Friday , March 28, 2014 - 12:29 PM
An estimated 700,000 Georgians fought in the Red Army.Smaller but still substantial numbers joined Hitler’s forces. The forces on both sides earned in blood deserved reputations as dedicated warriors.
Ukraine likewise is historically entangled with Russia, in complex ways. The beginning of the Russian revolution in 1917 sparked an independence movement. After years of struggle, Ukraine eventually was absorbed into the new Soviet Union. The Soviet regime forced collectivization of farms, resulting in vast mass starvation. Moscow authorities still suppress the details of this crime. Ukraine was also the target of murderous Stalinist purges aimed at destroying any independence sentiments.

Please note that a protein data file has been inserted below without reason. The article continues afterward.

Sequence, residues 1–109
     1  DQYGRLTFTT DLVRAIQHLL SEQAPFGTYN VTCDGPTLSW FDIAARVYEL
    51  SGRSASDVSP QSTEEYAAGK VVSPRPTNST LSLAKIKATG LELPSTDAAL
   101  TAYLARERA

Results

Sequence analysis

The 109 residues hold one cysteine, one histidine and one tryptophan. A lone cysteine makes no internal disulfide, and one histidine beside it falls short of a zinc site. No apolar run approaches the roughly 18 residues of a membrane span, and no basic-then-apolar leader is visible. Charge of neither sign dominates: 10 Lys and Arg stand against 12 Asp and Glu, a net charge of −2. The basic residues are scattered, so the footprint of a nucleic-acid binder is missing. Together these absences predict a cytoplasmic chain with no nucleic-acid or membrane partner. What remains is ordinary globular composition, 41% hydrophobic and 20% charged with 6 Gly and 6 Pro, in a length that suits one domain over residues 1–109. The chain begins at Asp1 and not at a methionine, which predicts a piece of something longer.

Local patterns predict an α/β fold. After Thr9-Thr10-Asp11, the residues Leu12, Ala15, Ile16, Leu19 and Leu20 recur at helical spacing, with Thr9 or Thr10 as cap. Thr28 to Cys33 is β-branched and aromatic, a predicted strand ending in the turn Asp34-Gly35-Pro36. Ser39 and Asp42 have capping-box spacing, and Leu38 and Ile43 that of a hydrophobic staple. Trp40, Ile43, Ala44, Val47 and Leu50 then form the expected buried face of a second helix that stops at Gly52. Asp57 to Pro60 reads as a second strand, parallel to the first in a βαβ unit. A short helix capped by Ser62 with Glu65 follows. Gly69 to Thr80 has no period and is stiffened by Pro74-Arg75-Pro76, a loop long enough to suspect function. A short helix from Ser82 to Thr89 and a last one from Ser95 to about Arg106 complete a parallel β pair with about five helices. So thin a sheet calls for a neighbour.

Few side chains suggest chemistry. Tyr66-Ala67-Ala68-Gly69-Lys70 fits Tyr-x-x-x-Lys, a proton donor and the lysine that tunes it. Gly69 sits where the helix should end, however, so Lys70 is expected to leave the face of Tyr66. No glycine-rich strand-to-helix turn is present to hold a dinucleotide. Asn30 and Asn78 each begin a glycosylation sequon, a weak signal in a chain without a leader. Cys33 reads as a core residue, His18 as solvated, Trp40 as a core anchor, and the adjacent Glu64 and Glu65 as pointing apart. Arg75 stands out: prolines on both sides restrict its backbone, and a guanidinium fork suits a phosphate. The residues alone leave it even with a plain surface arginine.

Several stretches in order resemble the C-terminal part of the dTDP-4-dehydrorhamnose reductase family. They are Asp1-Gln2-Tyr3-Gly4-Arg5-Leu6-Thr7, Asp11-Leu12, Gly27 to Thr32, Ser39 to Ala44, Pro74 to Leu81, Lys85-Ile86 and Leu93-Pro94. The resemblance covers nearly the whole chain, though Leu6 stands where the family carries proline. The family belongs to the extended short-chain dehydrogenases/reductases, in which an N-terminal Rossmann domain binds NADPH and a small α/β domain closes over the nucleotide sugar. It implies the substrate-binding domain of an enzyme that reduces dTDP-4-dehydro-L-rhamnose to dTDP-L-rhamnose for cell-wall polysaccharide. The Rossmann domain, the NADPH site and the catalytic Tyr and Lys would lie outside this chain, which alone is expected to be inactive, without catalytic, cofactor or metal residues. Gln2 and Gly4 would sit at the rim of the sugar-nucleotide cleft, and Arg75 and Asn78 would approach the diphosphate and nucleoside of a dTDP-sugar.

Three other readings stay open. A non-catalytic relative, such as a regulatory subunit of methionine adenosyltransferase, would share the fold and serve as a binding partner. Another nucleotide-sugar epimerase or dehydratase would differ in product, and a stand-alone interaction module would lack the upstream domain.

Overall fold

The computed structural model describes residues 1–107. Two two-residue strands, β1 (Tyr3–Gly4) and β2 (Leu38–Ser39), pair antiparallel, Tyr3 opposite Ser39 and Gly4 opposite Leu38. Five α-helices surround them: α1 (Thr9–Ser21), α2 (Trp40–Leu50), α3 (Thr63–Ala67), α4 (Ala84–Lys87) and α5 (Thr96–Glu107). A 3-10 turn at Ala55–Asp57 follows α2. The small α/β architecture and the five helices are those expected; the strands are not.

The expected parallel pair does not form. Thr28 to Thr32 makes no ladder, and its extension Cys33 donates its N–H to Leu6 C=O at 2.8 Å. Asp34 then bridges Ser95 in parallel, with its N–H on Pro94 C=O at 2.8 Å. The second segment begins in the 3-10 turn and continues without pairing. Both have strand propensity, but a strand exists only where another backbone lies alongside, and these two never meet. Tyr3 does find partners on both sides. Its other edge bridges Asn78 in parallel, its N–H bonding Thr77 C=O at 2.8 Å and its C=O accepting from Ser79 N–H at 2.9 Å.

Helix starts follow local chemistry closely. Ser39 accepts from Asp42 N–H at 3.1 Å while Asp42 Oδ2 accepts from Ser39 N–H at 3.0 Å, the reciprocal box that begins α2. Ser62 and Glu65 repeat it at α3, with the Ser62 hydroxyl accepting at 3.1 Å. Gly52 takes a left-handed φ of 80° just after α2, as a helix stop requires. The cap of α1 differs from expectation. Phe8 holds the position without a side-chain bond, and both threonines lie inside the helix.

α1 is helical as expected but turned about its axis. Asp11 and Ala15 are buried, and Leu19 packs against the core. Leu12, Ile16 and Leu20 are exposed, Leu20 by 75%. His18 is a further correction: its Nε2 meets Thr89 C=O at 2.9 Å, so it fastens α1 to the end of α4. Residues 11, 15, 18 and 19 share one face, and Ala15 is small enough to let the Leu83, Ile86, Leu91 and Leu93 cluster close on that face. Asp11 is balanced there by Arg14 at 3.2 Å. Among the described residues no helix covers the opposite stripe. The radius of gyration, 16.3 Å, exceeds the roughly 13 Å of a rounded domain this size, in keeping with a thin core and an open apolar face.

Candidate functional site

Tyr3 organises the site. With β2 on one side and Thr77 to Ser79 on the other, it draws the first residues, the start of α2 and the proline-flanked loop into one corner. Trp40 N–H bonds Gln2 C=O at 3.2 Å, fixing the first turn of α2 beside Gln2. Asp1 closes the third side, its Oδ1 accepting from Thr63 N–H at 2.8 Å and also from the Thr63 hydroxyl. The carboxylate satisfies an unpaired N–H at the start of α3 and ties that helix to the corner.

Given this history, essential caution should define U.S. policy, including on human rights. The Obama administration in this regard represents an improvement from the Bush boasters.
An important additional factor is the steadily expanding economic power of Germany across Europe, encouraging rapprochement with Russia. This will limit future U.S. influence, but that is a subject for a future column.
Arthur I. Cyr is Clausen Distinguished Professor at Carthage College and author of ‘After the Cold War.’ Contact him at firstname.lastname@example.org
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